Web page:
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Swing and movement worked their magic at a venue known to produce outright results, but India need to scrap in tough conditions to keep the series truly alive
July 29, 2011
As they have generally done in the course of becoming the top-ranked Test team in the world, India found the spark in their second coming and the series has now come to life. Lord's was a tighter contest than the margin of defeat suggested, and the second Test, just a day old, already carries the promise of a fulfilling contest between bat and ball.
Happily, Trent Bridge doesn't do draws. There has been only one here in the last ten years, and it took a huge effort from Rahul Dravid, Sachin Tendulkar and Sourav Ganguly on the final day, in 2002, to secure it. And even though it is something of an English bastion, India and Sri Lanka have won Tests here. And throughout the see-sawing day, it was easy to see results are the most natural outcome at this ground. Batting was a trial every over.
There can be the argument that the conditions were too partial towards bowling to produce a fair contest. Certainly the ball wrecked mayhem in the middle. It swung and wobbled in the air, nipped and jagged off the pitch, and some ascended without warning from a length. Given the number of balls that defeated the bat, the wicket count wasn't perhaps an accurate reflection of the nature of the day, but batsmen would cherish every run scored on the pitch, and those who watched it would know it too.
Stuart Broad came fresh from an unbeaten 73 at Lord's, but his momentum-changing 64 today was worth a hundred. It came not through the flails and swishes of a No.9, but through accomplished batsmanship that contained many bold strokes alongside some reasonable defending. And in the last hour of the day, Dravid, forced to open in the second consecutive innings, and VVS Laxman, who faced the second ball of the innings, had to draw on not only their exceptional skills but years of experience to make it India's day. Just about.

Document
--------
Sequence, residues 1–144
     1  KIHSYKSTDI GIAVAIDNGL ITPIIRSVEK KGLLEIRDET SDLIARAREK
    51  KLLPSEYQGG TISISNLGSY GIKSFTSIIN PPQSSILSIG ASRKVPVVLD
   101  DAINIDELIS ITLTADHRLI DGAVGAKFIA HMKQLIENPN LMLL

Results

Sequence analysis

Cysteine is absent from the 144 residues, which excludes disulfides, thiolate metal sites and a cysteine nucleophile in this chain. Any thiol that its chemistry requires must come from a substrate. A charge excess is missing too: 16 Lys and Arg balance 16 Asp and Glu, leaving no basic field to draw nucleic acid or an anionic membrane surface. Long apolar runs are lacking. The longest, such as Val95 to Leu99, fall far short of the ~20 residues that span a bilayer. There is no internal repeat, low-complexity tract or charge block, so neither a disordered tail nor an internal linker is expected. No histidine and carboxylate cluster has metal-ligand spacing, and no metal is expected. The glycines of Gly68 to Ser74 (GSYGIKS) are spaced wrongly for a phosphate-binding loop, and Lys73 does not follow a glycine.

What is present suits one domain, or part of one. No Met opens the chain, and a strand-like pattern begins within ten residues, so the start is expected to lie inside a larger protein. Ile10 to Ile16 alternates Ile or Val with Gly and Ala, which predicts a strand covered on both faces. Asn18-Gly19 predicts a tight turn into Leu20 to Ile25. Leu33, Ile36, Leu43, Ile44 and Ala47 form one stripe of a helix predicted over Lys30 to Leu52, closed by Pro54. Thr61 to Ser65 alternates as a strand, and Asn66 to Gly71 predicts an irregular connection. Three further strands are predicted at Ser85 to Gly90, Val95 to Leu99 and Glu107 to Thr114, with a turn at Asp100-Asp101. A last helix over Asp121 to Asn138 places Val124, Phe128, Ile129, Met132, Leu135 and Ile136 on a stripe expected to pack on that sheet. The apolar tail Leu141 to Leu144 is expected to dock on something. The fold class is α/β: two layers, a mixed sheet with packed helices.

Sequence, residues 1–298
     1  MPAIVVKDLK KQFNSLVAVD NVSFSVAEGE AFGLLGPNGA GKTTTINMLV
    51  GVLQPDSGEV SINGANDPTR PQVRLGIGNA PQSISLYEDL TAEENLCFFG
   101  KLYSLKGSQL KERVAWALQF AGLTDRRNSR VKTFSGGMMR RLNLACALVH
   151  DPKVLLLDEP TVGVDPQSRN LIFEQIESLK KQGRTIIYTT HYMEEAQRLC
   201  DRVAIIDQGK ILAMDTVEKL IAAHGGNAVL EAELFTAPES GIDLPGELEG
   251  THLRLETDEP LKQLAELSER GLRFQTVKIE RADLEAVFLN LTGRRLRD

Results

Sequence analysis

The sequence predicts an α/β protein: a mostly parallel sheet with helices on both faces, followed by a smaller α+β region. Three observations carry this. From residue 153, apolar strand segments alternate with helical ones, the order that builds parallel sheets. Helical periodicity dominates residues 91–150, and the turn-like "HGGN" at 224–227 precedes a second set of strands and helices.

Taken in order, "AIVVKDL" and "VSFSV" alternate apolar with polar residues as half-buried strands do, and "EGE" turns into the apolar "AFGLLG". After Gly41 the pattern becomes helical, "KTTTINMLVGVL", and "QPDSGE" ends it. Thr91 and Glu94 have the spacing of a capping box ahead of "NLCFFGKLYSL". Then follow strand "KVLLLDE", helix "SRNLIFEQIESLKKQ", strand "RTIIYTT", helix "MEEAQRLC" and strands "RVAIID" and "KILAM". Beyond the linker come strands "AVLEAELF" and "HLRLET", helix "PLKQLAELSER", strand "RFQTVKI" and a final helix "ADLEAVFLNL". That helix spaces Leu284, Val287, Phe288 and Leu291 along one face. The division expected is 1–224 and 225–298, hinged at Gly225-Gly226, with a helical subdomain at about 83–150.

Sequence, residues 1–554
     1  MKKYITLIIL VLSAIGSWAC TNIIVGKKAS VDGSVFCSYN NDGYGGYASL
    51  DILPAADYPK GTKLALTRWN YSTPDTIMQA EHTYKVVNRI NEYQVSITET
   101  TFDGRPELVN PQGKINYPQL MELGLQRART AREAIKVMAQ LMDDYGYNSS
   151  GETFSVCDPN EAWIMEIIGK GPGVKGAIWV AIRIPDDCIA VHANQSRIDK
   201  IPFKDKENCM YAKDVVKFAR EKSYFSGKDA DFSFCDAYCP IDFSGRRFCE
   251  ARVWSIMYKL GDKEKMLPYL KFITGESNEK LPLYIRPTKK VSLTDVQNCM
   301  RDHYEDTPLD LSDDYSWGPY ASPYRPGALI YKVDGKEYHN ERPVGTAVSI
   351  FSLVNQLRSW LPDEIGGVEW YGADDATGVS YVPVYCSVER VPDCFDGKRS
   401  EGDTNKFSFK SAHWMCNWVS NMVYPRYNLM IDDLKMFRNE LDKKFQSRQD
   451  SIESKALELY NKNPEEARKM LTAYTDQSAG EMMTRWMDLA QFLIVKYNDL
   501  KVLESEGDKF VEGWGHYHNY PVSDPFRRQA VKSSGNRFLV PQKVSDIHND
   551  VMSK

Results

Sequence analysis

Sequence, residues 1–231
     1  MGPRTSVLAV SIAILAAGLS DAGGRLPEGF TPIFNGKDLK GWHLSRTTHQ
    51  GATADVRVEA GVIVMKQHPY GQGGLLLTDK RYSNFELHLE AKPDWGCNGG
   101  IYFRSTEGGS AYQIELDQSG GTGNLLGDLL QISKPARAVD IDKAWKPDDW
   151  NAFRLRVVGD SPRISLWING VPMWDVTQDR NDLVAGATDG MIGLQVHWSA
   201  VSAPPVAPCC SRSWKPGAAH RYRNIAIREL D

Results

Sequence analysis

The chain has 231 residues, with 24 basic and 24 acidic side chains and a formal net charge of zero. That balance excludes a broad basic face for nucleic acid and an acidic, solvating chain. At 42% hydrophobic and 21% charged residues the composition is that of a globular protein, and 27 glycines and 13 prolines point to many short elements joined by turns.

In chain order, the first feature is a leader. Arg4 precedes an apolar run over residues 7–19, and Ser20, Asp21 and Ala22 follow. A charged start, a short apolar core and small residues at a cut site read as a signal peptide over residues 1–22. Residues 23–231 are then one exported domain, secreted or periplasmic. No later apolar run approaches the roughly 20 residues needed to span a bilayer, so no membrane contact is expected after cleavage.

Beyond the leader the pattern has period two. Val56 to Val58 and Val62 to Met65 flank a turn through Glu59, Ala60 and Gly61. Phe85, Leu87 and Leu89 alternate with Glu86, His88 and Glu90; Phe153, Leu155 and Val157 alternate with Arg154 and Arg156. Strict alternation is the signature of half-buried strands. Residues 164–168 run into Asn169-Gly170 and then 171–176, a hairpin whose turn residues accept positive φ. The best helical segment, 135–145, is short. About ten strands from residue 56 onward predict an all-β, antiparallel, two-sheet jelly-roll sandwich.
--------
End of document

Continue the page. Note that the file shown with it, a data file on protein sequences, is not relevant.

During the Lord's Test, there was a discussion on the air about the dynamics of swing bowling. Nasser Hussain quoted arguments from a NASA scientist to suggest that swing has nothing to with the atmosphere - cloud cover and the resultant heaviness in the air - and had everything to with the condition of the ball and the seam position. His fellow commentators didn't appear convinced but didn't have a scientific counter.
Whatever might be the fundamentals of swing, there is something about Trent Bridge that makes the ball shake a hip. No one can explain it cogently, but they say it has something to do with the new stands. When India were here last, a new stand had just been erected and Zaheer Khan led them to a comprehensive win. Another stand has come up on the opposite side, and India didn't even miss Zaheer, still recovering from a pulled-hamstring, after their captain had won a second toss in a row.
It's just as well that they had the right kind of bowler to lift them. Sreesanth, a bowler born to bowl in Test cricket but whose biggest challenge has been mastering his own mind and winning the confidence of his captain, bowled as if nothing had happened between his previous Test, in Cape Town in January, and today. The seam came proudly out of his hand, the ball was pitched up, and it shaped beautifully away. He was the most expensive bowler of the day, but he also took the most prized wickets. The ball that removed Matt Prior, Engalnd's batting hero from the Lord's Test, was the most sensational of the series of outstanding outwingers he produced all day.
Maybe the scientific argument is right. Maybe it has something to do with the balls. They have been swinging since last year. Pakistan finally beat Australia in a Test - in a 'home' series in England - last year and it was down to the utter ineptitude of their batsmen that they didn't win one more against England. The England bowlers loved those balls so much that they are still using the last year's batch. James Anderson was outstanding all season and never more devastating than at Trent Bridge, where he bowled Pakistan out for 80.
India might have occasion to rue those runs they conceded to the last two wickets. Trent Bridge is well and truly Anderson's turf. With 29 wickets here at just over 15.00, he is the highest wicket-taker at this ground in the last decade, comfortably ahead of Steve Harmison and Andrew Flintoff. While India can look back on the day as mission accomplished after restricting England to 221, a scrap lies ahead. Nearly a decade ago, Dravid battled the swinging ball for a nearly a day to set up a seminal victory at Headingley. His vigil at the end of the day, vital as it was, is only the beginning of the job. India will need something quite special to keep this series truly alive.
But irrespective of whichever way the Test goes, it is likely that the connoisseurs of the game will go rewarded. Swing is in the air, and along with legspin, it ranks as one of most attractive bowling sights. Besides, to watch batsmen earn their keep is a refreshing change.
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